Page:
I'm Gabe Fleisher, reporting live from WUTP world headquarters in my bedroom. It’s Thursday, March 26, 2020. 222 days until Election Day 2020. Have questions, comments, or tips? Email me.
Re-upping this request: The next episode of the Wake Up To Politics Podcast will be focused on the impact of coronavirus on American politics — and we want to include your thoughts and questions. Send me a voice memo (up to 2 minutes) explaining how you’ve noticed the pandemic affecting politics, asking any questions you have about its impact, or sharing any fears about how the virus will reshape life and politics through the November elections. Please include your name and where you're from, and your thoughts could be included in the next podcast episode. Thanks again!
--- Here is a guide to same programs and apps you can use to record a voice memo if you're looking for help.
Senate passes $2 trillion stimulus as jobless claims soar
The Senate unanimously approved a $2 trillion emergency stimulus package late Wednesday night, aiming to offer relief to Americans amid the economic downturn caused by the coronavirus pandemic.
The sweeping legislation would send direct $1,200 checks to more than 150 million American households, offer $500 billion in bailouts for businesses (including airline companies) impacted by the crisis, issue $350 billion in loans to small businesses, expand unemployment benefits by $250 billion, provide $150 billion in direct aid to states and localities, and inject $130 billion into the nation's hospitals. (Calculate how much you could receive in direct payments from the bill.)
It is the largest economic rescue package in U.S. history. In a significant show of bipartisanship for a bill of such scope — and which was speedily drafted just hours before, after marathon negotiations — the measure was approved by the Senate without objection, 96-0. The absent senators were self-quarantining, diagnosed with COVID-19, or otherwise ill.
"This is a proud moment for the United States Senate and for the country," Senate Majority Leader Mitch McConnell (R-KY) told reporters after the vote. "We're going to win this battle in the very near future."
The House is expected to vote on the legislation Friday morning. House Speaker Nancy Pelosi (D-CA) endorsed the measure in a statement early this morning, promising it would receive "strong bipartisan support" in the lower chamber. Leaders are hoping to approve the bill by voice vote, which would allow the measure to pass without requiring the entire House to show up at a time when the Capitol is plagued by fears of spreading the coronavirus. However, one lawmaker could force a recorded vote, compelling their colleagues to return to Washington; Rep. Alexandria Ocasio-Cortez (D-NY) told CNN she is "open" to such a move, referring to the bill as too favorable to corporations.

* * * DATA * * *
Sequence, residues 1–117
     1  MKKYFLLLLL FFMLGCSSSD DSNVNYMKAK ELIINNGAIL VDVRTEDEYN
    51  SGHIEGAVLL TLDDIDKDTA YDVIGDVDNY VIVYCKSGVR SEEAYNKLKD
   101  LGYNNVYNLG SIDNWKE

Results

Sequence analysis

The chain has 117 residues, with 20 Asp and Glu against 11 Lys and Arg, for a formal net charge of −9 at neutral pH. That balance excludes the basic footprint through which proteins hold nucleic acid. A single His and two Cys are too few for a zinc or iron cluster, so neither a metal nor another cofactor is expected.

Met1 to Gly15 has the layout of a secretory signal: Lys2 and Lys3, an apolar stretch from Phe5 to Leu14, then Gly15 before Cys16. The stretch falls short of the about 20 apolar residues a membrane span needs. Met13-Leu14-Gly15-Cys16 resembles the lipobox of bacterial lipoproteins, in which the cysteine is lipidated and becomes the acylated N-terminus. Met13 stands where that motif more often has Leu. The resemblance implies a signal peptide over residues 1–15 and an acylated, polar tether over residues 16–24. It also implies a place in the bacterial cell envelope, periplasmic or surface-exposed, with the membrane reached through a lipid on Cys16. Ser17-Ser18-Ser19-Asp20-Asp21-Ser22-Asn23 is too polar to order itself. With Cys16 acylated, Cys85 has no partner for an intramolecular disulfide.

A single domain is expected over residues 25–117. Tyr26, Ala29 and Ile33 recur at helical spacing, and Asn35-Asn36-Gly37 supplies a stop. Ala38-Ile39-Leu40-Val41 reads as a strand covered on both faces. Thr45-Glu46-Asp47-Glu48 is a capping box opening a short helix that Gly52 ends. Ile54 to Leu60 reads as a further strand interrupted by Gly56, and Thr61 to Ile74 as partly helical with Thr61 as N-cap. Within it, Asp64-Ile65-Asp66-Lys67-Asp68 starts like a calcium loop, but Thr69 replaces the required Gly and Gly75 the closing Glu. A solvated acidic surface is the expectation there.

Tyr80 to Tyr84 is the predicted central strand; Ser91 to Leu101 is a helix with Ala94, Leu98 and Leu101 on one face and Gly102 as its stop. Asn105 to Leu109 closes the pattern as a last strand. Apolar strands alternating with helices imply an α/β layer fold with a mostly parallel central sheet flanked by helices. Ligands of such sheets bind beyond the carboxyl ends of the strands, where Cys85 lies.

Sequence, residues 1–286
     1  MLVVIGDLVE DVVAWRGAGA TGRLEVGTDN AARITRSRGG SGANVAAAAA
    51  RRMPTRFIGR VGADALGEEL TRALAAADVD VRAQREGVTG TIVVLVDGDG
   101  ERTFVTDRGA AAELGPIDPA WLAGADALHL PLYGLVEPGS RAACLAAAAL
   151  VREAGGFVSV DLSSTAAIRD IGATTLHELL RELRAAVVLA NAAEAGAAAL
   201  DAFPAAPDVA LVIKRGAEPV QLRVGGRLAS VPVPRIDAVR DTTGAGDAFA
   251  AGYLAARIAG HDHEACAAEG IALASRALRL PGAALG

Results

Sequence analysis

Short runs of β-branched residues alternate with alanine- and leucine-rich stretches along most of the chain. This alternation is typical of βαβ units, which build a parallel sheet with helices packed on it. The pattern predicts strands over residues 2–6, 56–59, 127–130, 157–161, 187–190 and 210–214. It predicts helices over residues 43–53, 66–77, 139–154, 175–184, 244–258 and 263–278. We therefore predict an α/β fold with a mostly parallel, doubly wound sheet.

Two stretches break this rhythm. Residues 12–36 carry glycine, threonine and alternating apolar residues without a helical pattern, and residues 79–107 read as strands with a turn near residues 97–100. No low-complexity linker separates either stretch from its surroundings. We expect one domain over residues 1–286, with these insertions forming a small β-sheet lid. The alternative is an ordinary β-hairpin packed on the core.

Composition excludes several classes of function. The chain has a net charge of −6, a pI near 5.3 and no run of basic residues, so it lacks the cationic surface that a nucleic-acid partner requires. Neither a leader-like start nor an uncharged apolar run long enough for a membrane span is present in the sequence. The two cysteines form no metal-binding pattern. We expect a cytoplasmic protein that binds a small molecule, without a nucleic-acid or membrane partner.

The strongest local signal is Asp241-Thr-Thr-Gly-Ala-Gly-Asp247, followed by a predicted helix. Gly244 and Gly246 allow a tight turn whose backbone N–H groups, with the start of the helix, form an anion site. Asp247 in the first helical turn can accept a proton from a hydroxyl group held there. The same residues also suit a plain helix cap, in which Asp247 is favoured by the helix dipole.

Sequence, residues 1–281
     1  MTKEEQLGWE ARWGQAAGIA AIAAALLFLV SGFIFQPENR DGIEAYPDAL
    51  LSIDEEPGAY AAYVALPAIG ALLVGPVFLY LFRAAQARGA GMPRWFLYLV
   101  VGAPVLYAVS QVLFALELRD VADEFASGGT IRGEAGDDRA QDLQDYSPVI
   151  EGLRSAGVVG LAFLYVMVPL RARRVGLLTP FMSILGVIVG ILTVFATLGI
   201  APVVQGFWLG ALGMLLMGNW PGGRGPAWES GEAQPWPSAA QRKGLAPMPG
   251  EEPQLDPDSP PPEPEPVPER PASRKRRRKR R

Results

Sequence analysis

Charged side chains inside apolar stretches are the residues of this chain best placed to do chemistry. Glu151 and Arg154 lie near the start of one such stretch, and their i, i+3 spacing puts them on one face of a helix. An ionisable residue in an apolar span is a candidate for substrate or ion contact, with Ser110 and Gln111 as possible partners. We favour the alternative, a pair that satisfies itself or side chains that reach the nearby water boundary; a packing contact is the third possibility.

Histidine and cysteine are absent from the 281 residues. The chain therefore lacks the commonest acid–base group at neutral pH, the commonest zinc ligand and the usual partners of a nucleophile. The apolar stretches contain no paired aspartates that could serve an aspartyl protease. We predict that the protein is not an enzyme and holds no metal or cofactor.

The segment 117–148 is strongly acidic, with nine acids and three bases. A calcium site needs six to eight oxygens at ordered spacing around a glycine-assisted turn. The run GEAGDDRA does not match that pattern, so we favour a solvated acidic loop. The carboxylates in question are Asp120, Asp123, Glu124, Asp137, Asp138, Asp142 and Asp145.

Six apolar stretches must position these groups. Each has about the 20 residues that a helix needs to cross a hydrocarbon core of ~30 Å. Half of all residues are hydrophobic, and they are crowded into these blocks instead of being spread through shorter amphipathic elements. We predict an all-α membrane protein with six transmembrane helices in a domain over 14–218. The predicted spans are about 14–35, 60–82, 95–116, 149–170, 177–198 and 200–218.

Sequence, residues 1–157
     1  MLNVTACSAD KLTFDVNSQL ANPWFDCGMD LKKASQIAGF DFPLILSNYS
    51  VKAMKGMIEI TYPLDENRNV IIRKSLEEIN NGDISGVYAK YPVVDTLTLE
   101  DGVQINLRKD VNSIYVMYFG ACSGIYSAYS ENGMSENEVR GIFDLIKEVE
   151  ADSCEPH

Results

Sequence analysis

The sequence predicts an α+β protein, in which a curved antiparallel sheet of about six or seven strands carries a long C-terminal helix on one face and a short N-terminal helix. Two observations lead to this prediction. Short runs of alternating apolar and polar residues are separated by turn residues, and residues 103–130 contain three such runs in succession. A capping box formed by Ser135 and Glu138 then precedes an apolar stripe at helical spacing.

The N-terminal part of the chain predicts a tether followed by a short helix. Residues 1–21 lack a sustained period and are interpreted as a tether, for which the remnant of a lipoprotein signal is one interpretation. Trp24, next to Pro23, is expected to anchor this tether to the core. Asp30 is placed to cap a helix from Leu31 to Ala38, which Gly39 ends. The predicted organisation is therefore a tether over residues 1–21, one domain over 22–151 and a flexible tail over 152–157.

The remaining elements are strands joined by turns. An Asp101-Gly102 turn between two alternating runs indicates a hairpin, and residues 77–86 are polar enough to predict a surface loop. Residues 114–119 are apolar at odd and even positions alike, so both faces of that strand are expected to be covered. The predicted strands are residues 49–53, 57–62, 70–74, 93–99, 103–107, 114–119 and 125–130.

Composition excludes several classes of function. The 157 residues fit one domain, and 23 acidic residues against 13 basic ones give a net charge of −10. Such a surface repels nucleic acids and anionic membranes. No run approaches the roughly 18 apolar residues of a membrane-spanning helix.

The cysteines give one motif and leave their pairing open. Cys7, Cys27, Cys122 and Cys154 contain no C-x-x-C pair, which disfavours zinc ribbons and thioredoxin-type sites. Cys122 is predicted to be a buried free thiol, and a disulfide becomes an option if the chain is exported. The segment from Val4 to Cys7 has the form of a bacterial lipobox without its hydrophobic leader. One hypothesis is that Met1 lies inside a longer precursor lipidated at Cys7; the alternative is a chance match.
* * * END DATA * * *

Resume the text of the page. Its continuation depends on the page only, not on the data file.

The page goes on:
The economic peril caused by the coronavirus was underlined this morning as the Labor Department announced that a record 3.3 million Americans applied for unemployment benefits last week. In the half-century since the federal government has recorded such figures, the most jobless claims ever filed in one week was previously 695,000 in October 1982. The announcement marked the end to a nine-year streak of American job growth, as companies in almost every industry were forced to shutter and lay off workers as COVID-19 spread throughout the nation.
"We may well be in a recession," Federal Reserve Chair Jerome Powell acknowledged in an interview this morning on NBC's "Today" show.
Wednesday was also the deadliest day of the coronavirus outbreak in America thus far, as the U.S. death toll from the virus exceeded 1,000. As of 9:30 a.m. Eastern Time, there are 69,197 confirmed cases of COVID-19 in the United States and 1,046 Americans have died from the virus; these figures marked the largest one-day increases yet.